• Advising victims about emergency financial needs.

  • Compiling and reviewing documentation.

  • Providing clear instructions and sample forms for reporting fraud/identity theft.

  • Assisting victims with obtaining and reviewing credit reports.

  • Helping victims in filing disputes.

  • Assisting victims in reporting fraud.

  • Assisting with followup to credit reporting services, banks, and creditors.

  • Negotiating with creditors and collection agencies.

Training for Victim Service Providers and Allied Professionals

Below is a sampling of training programs and ideas offered by the grantees. The materials provided here can be adapted for use by other victim service providers or law enforcement personnel.

Training Victim Service Providers

Because victim service providers possess basic knowledge about victims’ rights in the criminal justice system, many of the grantees focused on training service providers to recognize identity theft, to assist victims in changing habits to minimize re-victimization, to understand the emotional impact of the crime, and to assist victims in using federal and state civil laws to recover financially. VICARS’ staff, for example, presented numerous trainings to victim service providers, as well as to advocates, attorneys, nurses, social workers, law enforcement, and benefits counselors. VICARS developed a basic presentation (PDF 1.7 mb) that could be tailored to each audience.

The Identity Theft Resource Center provides trainings to a wide variety of groups, from notaries and bankers’ associations to law enforcement and fraud investigators, to the U.S. Customs Service and the Social Security Administration. (See also the extensive trainings offered by OVC TTAC for victim service providers, including its new identity theft-specific training for service providers.)

Law Enforcement Training

In recent years, law enforcement has become more willing to help victims learn about identity theft and to make "first step" brochures available to their local communities, but chronic budget issues make it difficult for many law enforcement agencies to train and adequately staff an identity theft unit, provide victim advocates, and distribute community outreach materials. (For more about successfully partnering with law enforcement, see AVA’s experience in the "Building Partnerships" section.)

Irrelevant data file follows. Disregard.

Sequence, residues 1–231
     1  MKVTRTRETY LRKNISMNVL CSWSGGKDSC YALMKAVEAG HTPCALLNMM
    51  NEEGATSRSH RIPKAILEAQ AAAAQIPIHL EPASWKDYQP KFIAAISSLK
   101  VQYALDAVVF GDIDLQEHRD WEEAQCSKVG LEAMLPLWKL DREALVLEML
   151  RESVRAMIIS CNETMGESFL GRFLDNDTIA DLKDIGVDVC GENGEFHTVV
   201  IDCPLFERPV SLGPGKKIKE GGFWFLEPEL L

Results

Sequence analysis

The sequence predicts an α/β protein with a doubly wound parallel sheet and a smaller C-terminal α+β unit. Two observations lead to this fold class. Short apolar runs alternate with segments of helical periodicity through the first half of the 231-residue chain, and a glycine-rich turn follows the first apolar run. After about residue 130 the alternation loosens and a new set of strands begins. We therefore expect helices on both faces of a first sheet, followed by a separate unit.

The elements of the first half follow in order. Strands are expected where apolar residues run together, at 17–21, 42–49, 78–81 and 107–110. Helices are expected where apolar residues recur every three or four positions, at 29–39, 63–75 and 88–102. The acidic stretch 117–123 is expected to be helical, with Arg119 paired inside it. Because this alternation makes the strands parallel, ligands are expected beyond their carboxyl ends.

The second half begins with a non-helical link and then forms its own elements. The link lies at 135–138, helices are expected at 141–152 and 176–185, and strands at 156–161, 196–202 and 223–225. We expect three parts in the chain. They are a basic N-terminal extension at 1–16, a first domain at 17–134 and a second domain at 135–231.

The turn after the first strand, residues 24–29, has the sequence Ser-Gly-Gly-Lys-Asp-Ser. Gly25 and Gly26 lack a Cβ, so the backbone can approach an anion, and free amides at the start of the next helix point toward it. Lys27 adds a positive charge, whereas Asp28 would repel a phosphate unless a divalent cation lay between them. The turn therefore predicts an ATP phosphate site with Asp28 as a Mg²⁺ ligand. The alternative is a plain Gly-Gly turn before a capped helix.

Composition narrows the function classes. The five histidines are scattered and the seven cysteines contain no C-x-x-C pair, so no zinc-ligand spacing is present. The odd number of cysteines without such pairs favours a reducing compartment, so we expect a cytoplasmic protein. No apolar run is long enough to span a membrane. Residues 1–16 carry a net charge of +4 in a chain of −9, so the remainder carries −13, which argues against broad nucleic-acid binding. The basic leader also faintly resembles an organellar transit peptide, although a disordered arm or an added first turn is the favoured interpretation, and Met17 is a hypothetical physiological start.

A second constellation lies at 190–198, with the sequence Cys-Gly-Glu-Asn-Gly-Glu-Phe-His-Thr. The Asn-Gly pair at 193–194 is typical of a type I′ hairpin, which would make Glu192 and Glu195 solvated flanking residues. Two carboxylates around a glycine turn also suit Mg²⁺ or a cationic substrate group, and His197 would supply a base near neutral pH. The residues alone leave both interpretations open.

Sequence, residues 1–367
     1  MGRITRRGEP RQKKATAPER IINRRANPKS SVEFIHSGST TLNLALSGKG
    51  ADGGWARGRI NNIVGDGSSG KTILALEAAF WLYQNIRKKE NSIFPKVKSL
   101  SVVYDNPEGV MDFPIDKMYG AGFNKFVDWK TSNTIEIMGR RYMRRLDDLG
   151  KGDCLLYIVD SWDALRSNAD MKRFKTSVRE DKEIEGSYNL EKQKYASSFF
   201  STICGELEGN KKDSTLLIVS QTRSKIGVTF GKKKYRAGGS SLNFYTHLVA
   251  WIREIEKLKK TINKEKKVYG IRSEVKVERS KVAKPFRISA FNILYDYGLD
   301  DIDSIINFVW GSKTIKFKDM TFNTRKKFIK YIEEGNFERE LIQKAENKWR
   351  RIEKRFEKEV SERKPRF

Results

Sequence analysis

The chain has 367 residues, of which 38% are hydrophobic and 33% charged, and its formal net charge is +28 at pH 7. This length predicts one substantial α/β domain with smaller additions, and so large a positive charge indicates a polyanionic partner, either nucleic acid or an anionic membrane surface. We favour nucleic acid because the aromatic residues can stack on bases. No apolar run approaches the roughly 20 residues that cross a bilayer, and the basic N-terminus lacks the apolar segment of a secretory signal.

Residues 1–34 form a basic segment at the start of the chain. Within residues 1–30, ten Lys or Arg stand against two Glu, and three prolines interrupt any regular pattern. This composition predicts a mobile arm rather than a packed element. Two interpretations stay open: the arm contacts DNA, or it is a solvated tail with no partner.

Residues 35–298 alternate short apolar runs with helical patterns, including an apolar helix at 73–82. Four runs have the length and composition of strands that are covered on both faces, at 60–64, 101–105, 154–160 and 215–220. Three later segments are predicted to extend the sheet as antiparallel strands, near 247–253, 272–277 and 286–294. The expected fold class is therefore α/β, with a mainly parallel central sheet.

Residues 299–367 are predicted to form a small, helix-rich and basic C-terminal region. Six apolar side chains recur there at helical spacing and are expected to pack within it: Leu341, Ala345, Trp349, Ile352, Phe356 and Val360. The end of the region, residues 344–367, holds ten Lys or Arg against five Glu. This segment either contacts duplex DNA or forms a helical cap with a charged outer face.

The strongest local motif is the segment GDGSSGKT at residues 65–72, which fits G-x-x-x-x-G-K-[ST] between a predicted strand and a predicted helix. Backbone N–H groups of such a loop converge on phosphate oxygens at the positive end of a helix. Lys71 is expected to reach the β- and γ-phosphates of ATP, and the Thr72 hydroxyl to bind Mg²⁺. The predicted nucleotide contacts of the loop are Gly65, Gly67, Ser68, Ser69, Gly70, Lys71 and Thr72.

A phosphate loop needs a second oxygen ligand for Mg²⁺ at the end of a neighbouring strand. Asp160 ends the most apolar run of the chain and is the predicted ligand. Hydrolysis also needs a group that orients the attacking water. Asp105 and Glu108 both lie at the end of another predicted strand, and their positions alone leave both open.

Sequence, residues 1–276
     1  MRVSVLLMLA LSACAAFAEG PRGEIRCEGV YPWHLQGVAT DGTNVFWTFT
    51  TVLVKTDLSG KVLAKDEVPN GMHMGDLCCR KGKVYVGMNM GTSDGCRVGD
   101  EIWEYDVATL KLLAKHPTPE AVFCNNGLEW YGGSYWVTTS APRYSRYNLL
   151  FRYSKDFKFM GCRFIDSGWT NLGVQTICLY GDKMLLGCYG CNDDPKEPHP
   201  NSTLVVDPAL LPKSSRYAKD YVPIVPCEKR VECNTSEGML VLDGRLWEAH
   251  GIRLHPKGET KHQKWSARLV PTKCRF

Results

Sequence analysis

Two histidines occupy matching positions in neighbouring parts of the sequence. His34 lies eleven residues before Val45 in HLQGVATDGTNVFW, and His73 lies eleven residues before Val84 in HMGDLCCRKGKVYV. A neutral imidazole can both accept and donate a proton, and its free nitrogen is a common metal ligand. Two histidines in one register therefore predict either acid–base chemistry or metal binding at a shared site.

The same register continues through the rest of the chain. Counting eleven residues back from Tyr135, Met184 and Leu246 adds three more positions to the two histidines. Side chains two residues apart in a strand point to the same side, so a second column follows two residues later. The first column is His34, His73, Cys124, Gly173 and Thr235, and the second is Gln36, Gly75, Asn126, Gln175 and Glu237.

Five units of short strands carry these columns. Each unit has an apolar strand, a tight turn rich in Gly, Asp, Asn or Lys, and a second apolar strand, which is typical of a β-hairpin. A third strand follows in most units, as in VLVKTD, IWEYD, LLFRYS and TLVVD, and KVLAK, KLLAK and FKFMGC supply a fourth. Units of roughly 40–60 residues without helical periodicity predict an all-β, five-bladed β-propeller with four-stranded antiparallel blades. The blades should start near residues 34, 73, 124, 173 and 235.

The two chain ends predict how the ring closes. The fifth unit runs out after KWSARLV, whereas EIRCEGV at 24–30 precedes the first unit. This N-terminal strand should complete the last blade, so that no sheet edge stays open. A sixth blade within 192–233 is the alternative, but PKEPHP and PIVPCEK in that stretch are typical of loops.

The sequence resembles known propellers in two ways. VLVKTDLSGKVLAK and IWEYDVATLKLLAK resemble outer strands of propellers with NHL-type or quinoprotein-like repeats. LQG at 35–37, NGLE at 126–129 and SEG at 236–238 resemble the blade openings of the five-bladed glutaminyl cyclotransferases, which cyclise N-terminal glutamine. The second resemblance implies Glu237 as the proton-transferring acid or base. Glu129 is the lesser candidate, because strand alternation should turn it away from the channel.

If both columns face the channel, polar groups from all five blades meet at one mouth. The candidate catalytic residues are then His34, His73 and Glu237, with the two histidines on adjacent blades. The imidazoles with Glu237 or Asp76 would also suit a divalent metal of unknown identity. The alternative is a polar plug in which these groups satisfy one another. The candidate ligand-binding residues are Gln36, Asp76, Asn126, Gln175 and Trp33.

Because of the nature of identity theft, many cases go uninvestigated or unsolved. Unfortunately, victims do not always realize what is necessary to bring an offender to justice and can become extremely frustrated with law enforcement. It’s essential for law enforcement to gain the trust and cooperation of the victim. Toward achieving this goal, the Identity Theft Resource Center provides a wide array of fact sheets and tools for law enforcement to help them to better understand what victims need to move forward in their cases. The center also provides training to law enforcement.

Since the beginning of the grant period, ITRC has referred hundreds of criminal identity theft cases to various law enforcement agencies. The center has frequent contact with law enforcement throughout the Nation, and initiates contact with one or more law enforcement agencies for each criminal identity theft case.

Profiling MCVRC’s Experience With Law Enforcement Training

An important aspect of assisting identity theft victims involves developing a relationship with law enforcement officials, who play a key role in resolving identity theft issues. The Maryland Crime Victims’ Resource Center, Inc. collaborated with law enforcement agencies to educate and train officers about identity theft and on how they can assist victims.

Obtaining Proper Certification

The Maryland Police and Corrections Training Commission allowed an attorney from MCVRC to participate in one of its 7-day, intensive Enhanced Instructor Training Programs. This program teaches instructors how to train law enforcement officials through adult learning techniques and methods.